The role of technology in integrated care systems

The NHS has thrown down the gauntlet – that the integrated care system (ICS) is the future of healthcare in the United Kingdom. Evolving from previously formed sustainability and transformation partnerships (STPs) between local authorities and NHS organisations, ICSs represent a change in the way healthcare is delivered – focusing on a much more joined up approach to improving health and wellbeing in the communities they serve. 

While it’s early days in terms of rolling this approach out on a national scale – there are currently twelve ICSs of varying size, very much managed on a local level. The journey continues, and the challenges brought about by financial pressures and an ageing population mean that this joined up approach is sorely needed.

Technology is very much at the centre of discussion not just for how it can aid the development of ICSs, but also how it can help the NHS innovate and transform. With this in mind, we’ve taken a look at the role technology plays in an integrated care system – and how it must be leveraged to deliver real change.


Improving care and outcomes

The primary aim of an integrated care system is to provide better and more joined-up care. Providing outstanding care starts with making it easy and seamless to access – removing the barriers between patients and the care they need by leveraging the collaboration between services. 

Technology is obviously a vital component in enabling this, allowing for both improved connectivity between the services within an integrated care system and providing patient-facing communication and interaction. It’s important that even though numerous entities are involved in an integrated care system, the service is presented as a joined-up, single point of contact for the patient, and technology is a massive help in delivering this. 

In addition to helping patients better access the care that’s available, technology unlocks more self-care options. Encouraging and promoting self-care where appropriate releases pressure on the NHS and charitable organisations within an integrated care system, and they are able to focus budget, resource and energy on other areas of the community that need attention and development. 


Enabling collaboration and raising standards

The advantage of creating a joined-up system to provide healthcare is that the organisations within the system can learn from each other – plugging gaps in each other’s knowledge, capability and bandwidth to provide a comprehensive service. Standardisation in practice, process and seamless connectivity and communication is needed – and bringing in the right technology will help to drive this. Whether it’s backend infrastructure allowing faster connectivity, end-user devices to enable remote working or state-of-the-art wearables or health tech to enable care providers in the ICS to access accurate, up-to-date patient data – technology will help to unify the service. Increased collaboration and communication will also allow organisations and services within the ICS to share knowledge and best practices, leading to standards improving across the system.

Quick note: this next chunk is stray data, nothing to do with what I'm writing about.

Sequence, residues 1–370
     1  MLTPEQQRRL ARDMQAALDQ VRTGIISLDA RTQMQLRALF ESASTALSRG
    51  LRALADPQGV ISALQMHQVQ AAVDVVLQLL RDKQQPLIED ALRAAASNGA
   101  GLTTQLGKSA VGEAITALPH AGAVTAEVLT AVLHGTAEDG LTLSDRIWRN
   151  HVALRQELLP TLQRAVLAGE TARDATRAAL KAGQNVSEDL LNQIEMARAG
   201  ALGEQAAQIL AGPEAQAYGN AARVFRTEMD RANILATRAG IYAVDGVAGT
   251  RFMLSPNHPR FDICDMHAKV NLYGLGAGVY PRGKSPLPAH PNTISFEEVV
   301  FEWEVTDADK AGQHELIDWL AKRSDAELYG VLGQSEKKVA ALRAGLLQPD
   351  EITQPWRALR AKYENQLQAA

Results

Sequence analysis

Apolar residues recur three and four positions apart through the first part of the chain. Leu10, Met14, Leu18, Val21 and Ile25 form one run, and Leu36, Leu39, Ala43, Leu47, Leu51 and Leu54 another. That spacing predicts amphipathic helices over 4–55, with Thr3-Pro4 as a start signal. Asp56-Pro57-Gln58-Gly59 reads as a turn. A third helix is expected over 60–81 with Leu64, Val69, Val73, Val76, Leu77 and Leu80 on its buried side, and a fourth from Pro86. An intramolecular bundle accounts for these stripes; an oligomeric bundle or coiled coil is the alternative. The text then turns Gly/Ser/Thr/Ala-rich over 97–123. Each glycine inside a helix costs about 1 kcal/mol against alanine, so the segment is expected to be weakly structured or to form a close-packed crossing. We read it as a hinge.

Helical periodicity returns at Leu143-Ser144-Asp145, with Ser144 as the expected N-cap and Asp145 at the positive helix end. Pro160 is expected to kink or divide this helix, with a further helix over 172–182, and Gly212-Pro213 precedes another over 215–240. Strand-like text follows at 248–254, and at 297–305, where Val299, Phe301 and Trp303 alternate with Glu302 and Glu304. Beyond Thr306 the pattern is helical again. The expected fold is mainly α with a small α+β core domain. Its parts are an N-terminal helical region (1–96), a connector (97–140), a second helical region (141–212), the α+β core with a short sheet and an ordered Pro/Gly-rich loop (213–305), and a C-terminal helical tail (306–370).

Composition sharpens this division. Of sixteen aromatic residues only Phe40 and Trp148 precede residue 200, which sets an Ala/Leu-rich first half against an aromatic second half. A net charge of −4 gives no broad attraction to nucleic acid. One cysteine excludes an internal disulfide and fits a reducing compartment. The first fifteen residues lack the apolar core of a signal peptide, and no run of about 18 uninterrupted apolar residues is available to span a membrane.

Addressing wider issues

Another core aim of integrated care systems is to “better understand data about local people’s health” in order to identify wider social, economic and environmental factors that could be addressed in order to improve care and health outcomes for people in that community. The key here is data – and to be able to collect, process and view this data, you need the right technology, and the right approach to technology. 

All of the elements of technology we mentioned previously – infrastructure, end-user devices, wearables and IoT come into play here. You need the latest in wearables and IoT to collect meaningful patient data. You need the infrastructure to store, process and call up this data. And you need adequate and suitable end-user technology to display and understand this data. 

Bringing in more advanced technology like artificial intelligence (AI), you can begin to process and understand the data on an even deeper and more meaningful. Predictive analytics and pattern detection can help you quickly identify trends, projections and opportunities for improvement in care and health in the community. 


Through the ICS approach and other initiatives, the NHS is showing its commitment to standardisation and encouraging emerging ICSs and individual Trusts to use others as blueprints for success. Sharing knowledge and experiences with colleagues, innovators and suppliers is key for senior leaders if they are going to be inspired to innovate and make a change. Healthcare Partnership Network brings together 100+ senior leaders in the NHS and the industry’s most innovative suppliers at 3 events yearly. If you’d like to sponsor or attend the upcoming HPN, get in touch.



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